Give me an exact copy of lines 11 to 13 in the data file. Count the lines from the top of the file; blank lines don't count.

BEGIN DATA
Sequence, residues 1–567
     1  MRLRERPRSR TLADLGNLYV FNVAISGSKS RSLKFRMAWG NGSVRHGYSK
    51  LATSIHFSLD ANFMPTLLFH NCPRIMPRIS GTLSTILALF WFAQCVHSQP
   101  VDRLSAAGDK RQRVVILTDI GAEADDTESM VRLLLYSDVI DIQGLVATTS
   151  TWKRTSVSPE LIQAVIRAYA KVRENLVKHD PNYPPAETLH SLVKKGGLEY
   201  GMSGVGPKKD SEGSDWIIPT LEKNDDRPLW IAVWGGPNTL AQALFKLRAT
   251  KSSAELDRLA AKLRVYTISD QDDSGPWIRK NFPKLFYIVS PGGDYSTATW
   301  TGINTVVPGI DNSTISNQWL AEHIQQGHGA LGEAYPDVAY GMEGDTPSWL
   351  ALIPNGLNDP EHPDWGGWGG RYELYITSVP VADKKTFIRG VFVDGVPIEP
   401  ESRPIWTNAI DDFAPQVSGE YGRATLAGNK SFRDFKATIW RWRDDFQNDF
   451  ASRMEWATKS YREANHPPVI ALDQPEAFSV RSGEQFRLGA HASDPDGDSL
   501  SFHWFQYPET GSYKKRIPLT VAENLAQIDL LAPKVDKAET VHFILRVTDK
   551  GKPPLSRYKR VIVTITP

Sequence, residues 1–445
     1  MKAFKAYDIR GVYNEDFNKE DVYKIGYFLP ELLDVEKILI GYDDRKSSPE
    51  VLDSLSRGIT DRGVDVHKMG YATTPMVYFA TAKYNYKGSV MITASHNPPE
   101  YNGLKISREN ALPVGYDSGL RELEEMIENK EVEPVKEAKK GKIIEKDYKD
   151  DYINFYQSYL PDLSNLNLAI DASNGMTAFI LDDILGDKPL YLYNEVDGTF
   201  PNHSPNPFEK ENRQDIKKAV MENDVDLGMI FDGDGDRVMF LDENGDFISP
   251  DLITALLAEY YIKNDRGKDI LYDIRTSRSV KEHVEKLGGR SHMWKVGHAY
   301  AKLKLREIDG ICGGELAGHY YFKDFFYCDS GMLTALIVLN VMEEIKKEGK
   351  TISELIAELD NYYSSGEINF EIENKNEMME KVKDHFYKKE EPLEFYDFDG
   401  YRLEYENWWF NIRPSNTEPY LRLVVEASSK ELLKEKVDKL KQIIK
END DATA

   451  ASRMEWATKS YREANHPPVI ALDQPEAFSV RSGEQFRLGA HASDPDGDSL
   501  SFHWFQYPET GSYKKRIPLT VAENLAQIDL LAPKVDKAET VHFILRVTDK
   551  GKPPLSRYKR VIVTITP